We sought to assess the effectiveness of using a peer-led online community to increase HIV self-testing among Latinx and African American men who have sex with men (MSM).
Randomized controlled trial.
Throughout 6 waves, between February 18, 2017, and January 8, 2021, 900 HIV negative and/or serostatus unknown Los Angeles–based MSM (68.9% Latinx, 16.0% African American, and 7.4% White) participated in an online 12-week HIV prevention randomized controlled trial. A total of 79 trained role models (peer leaders) were randomly assigned to participants within clusters to build trust and deliver HIV testing information on Facebook groups. Participants in control groups were assigned to groups without peer leaders. Participants were not required to respond to peer leaders or to remain group members. Participants completed self-report assessments at baseline and 12-week follow-up and could receive a free HIV self-testing kit during the study period.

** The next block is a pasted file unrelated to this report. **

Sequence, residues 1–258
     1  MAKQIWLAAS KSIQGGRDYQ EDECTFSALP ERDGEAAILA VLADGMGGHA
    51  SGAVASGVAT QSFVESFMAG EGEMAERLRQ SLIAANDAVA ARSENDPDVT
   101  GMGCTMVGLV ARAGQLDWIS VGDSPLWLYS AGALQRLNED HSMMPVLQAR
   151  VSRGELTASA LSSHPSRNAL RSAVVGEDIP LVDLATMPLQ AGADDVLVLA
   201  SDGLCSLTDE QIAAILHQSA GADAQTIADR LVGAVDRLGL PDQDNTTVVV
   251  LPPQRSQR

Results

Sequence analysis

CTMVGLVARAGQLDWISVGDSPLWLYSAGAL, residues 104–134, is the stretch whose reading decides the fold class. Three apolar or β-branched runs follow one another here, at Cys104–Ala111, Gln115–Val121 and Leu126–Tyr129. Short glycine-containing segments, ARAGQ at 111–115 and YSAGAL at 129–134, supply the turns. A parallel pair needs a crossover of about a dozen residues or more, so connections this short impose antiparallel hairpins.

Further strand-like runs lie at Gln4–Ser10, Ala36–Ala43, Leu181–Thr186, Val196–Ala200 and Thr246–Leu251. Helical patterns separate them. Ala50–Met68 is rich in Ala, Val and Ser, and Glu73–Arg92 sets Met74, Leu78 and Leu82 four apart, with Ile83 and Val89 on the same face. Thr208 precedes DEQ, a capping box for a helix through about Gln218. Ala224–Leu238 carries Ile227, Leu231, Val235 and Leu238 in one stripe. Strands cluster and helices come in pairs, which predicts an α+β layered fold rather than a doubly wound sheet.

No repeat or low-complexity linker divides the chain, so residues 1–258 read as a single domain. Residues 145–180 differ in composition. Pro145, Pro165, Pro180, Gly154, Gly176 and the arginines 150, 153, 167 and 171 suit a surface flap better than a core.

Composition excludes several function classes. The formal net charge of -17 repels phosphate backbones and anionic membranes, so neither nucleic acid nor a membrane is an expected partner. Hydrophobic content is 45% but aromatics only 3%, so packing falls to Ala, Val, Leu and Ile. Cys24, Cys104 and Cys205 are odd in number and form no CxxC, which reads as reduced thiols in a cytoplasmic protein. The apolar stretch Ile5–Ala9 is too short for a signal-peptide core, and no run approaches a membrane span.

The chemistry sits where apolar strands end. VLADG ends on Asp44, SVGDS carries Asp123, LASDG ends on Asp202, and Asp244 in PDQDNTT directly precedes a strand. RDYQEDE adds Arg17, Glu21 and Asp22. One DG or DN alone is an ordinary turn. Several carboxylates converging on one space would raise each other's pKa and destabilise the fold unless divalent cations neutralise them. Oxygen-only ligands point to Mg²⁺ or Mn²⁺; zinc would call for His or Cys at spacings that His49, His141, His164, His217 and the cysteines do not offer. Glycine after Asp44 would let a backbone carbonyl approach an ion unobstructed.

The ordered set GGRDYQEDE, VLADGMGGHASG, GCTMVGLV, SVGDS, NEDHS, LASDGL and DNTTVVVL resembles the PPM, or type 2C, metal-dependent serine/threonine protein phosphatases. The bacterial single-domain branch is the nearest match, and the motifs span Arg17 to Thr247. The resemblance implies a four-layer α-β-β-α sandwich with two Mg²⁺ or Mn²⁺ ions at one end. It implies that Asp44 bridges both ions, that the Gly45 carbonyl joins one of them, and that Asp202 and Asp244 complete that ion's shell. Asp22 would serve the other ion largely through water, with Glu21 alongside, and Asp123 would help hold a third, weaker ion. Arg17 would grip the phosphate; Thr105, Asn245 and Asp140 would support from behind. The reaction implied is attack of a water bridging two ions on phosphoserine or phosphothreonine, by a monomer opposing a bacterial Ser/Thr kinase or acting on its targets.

Compared with control group participants, intervention group participants were significantly more likely to accept the offer for the HIV self-testing kit (intervention 130 of 450, 29%; control 102 of 450, 22.7%; odds ratio = 1.43, 95% confidence interval: 1.04 to 1.95, P = 0.03), report having taken an HIV self-test within the past 3 months (odds ratio = 1.47, 95% confidence interval: 1.01 to 2.13, P = 0.04), and report drinking fewer glasses of alcohol in an average week (P = 0.01). Effects seemed concentrated within later study waves. Study retention was greater than 93%.
A peer-led online community seems to be an effective method of increasing HIV self-testing among MSM of color. We discuss the implications of the wave effects on public health research and policy.